Controversy for State Ideology: Buddhism and Confucianism during the First Manchu Emperor
(55th Annual Meeting, 2012)
Buddhist or Confucian, Mongolian or Chinese way of state building – those were the questions which faced the first Manchu emperors at the very beginning of the Hou Jin/Da Qing empire formation. At the end of the 16th – beginning of the 17th cc. the close contacts with the Mongolian chieftains and their tribes greatly influenced on the spread of Buddhism among the Manchus. Several attributes of the previous Yuan dynasty were acquired by Nurhaci and Hongtaiji. The Tibetan lamas were convinced that the Manchu rulers would chose the traditional Buddhist state building with the religious aristocracy at the head. In 1637 Hongtaiji invited the 5th Dalai Lama to his capital Mukden and received the title of “Manjushri Great Emperor”. But that visit of Dalai Lama happened much later, in 1652, and to the other capital – Beijing.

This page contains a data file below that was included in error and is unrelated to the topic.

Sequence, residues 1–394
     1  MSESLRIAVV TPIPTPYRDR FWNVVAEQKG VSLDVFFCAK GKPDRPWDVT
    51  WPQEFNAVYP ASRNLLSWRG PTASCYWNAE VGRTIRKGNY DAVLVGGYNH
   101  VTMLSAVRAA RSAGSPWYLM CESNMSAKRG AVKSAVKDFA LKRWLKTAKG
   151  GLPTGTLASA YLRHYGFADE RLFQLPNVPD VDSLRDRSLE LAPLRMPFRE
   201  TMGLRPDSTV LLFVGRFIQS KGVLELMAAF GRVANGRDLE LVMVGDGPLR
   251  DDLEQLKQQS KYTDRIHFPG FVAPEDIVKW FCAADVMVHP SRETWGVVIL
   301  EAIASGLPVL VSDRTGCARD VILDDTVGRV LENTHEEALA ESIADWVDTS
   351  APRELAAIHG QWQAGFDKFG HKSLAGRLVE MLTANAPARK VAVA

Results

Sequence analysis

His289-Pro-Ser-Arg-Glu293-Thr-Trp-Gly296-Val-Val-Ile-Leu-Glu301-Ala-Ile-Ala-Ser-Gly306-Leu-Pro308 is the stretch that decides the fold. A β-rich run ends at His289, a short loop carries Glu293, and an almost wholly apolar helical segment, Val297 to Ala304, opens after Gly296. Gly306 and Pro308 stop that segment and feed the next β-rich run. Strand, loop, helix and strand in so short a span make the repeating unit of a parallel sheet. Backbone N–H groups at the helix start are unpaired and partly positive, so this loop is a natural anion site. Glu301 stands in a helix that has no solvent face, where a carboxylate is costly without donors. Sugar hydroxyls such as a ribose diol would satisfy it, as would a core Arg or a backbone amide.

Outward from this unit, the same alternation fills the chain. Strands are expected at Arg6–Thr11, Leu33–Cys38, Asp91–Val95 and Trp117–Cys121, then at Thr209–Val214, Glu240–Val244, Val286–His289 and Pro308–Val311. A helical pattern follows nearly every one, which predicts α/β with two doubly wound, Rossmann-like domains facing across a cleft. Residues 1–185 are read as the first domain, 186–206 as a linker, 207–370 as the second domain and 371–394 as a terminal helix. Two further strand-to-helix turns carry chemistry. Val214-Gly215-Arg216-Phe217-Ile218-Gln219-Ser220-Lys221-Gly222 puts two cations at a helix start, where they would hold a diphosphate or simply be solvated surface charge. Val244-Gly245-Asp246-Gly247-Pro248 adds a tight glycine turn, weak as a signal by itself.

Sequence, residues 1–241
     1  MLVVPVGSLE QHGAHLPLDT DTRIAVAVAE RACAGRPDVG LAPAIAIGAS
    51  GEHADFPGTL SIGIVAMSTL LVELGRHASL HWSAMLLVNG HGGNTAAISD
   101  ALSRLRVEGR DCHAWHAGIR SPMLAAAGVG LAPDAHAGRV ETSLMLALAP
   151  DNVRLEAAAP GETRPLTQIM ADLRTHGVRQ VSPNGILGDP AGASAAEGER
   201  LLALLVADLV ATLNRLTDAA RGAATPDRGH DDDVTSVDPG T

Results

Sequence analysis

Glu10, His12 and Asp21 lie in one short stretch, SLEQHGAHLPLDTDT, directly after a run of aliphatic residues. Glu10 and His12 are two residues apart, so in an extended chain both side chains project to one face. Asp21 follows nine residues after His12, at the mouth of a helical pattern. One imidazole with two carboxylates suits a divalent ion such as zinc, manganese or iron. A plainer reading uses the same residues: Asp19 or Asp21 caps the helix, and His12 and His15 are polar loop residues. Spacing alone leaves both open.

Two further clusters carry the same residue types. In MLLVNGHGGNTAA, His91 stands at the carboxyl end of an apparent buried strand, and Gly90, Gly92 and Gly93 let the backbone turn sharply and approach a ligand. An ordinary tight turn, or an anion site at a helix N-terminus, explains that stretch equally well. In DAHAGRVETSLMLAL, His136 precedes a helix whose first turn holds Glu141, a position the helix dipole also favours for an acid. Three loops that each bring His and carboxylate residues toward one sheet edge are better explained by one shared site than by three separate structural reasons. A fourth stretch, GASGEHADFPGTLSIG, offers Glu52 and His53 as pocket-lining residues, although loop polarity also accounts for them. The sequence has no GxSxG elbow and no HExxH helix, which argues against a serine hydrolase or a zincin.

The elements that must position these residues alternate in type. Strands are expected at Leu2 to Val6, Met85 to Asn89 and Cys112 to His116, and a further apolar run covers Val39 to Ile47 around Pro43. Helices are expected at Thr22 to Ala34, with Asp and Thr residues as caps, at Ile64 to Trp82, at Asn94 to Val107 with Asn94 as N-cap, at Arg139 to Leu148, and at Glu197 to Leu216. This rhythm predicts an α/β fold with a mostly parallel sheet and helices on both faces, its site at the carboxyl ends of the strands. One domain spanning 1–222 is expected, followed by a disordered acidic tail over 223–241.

At the same time the Manchu rulers closely associated themselves with the legendary Chinese emperors Yao and Shun and openly claimed their right for the Mandat of Heaven and the rule over the Underheaven. This is clearly seen from the early Manchu documents and the propagandistic pamphlet “Proclamation of Nurhaci to the Ming Wanli emperor” which was compiled around 1623.
Since the Manchus had a lucky chance actually peacefully occupy the Chinese throne in 1644, invite the Confucian statement to their service, the Chinese element of state ideology became predominant. And Buddhism had to occupy a place of one of the state religions of the Qing Empire.